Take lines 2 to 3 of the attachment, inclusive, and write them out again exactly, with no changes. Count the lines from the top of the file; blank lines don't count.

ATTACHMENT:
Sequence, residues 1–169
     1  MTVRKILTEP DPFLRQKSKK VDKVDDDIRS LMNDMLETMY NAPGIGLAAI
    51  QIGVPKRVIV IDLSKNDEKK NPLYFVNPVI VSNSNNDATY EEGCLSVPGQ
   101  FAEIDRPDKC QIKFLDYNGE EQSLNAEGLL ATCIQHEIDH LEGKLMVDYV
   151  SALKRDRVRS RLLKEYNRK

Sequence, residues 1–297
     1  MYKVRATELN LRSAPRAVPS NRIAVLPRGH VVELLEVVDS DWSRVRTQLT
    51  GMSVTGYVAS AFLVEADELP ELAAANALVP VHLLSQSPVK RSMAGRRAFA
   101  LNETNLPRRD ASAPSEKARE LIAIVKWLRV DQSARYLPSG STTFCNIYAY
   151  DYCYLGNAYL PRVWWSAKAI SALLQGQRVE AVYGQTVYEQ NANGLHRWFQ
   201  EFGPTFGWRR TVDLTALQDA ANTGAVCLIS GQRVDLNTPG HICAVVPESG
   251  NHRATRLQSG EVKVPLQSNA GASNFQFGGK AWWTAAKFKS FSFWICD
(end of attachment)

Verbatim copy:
     1  MTVRKILTEP DPFLRQKSKK VDKVDDDIRS LMNDMLETMY NAPGIGLAAI
    51  QIGVPKRVIV IDLSKNDEKK NPLYFVNPVI VSNSNNDATY EEGCLSVPGQ